The Arrangements of the Chime Bells of the Zhou Dynasty in Burials and in Performance Occasions
- 人文学院－已发表论文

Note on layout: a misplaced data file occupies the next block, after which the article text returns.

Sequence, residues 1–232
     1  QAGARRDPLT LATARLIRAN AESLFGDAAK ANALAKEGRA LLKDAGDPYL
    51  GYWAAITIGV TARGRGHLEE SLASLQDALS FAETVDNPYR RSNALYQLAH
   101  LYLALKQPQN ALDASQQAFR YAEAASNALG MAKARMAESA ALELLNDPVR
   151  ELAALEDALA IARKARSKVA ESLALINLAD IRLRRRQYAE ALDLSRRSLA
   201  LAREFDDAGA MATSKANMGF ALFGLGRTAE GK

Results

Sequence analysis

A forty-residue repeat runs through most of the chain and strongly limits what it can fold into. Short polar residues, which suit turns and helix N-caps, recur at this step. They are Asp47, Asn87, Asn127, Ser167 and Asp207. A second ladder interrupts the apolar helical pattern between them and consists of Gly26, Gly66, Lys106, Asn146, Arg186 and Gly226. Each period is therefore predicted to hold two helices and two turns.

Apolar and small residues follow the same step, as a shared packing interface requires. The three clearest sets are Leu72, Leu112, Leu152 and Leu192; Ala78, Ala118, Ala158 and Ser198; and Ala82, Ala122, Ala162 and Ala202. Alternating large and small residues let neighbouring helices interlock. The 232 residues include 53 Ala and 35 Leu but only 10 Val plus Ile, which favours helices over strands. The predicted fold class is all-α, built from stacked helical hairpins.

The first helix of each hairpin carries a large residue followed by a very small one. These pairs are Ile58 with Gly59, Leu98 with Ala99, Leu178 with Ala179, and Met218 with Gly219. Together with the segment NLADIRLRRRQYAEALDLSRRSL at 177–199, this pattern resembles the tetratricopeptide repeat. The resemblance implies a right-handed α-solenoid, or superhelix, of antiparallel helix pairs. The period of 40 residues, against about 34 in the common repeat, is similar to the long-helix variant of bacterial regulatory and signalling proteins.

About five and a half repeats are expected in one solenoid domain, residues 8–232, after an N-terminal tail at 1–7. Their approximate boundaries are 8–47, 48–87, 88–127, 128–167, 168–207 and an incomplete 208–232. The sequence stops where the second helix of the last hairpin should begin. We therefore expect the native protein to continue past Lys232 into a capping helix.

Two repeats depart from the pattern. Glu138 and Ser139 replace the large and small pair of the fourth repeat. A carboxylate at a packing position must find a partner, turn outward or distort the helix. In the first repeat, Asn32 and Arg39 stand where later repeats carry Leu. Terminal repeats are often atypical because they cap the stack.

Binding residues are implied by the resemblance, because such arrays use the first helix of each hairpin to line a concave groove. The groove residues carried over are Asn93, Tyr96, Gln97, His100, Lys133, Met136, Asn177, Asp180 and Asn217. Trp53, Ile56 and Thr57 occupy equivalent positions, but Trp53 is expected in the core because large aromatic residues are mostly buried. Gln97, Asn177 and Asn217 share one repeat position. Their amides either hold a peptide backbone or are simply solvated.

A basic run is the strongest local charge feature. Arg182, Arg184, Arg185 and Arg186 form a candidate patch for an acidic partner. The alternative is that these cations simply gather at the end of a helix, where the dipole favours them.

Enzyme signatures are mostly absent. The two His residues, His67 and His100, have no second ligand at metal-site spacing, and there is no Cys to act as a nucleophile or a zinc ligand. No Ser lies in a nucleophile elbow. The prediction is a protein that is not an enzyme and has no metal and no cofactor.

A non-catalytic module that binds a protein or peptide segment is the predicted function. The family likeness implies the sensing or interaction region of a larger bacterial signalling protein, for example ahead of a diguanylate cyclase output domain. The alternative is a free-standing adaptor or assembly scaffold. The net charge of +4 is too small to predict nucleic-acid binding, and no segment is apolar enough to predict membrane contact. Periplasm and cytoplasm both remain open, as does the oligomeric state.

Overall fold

<正>目次一绪论二西周葬钟制度三东周葬钟制度四折曲钟与乐悬制度五结语一绪论乐悬制度是周代礼乐文明的重要内容,其核心即《周礼·春官·小胥》所载:"正乐悬之位,王宫悬,诸侯轩悬,卿大夫判悬,士特悬,辨其声。凡悬钟磬,半为堵,全为肆。"郑玄《注》:郑司农云:"宫悬四面悬,轩悬去其一面,判悬又去其一面,特悬又去其一面。四面象宫室四面有墙,故谓之宫悬。轩悬三面,其形曲,故《春秋传》曰:‘请曲悬繁缨以朝。’诸侯The researches of this paper revealed that the chime bells seen in the burials of the Zhou Dynasty were not arranged as their actual positions and assemblages in the performance occasions, but were selected and displayed according to the given burial institutions and the melodies and intervals of the music, and therefore the display of the chime bells in the burials were not the reappearance of their counterparts in the real life. The available archaeological materials showed that this burial institution emerged first in the late Western Zhou Dynasty, and developed into a regulated hierarchy in the mid Spring-and-Autumn Period： the feudal lords were accompanied by three arrays of chime bells in the graves, the highest-ranking nobles and senior ministers were accompanied by two arrays of chime bells and the other aristocrats and officials were accompanied by one array. However, no matter how many arrays, they were only arranged between two rack stands, and the common elites were seldom accompanied by musical bells. Since the mid Warring-States Period, this institution declined and finally vanished. The musical bell suspension rules recorded in Zhouli （Rites of Zhou） and Yili （Book of Etiquette and Ceremonial） must have really existed, but they were not demonstrated by the bell racks arranged in L-shaped plan in the graves. The use of the bell racks in L-shaped plan was closely related to the sizes of the grave spaces and the bells, which was a special displaying form of the chime bells as grave goods. This reflected from an aspect that the funeral views of the high-ranking nobles and officials were deeply influenced by the surrounding of the bronze and stone ritual vessels and instruments in the real life.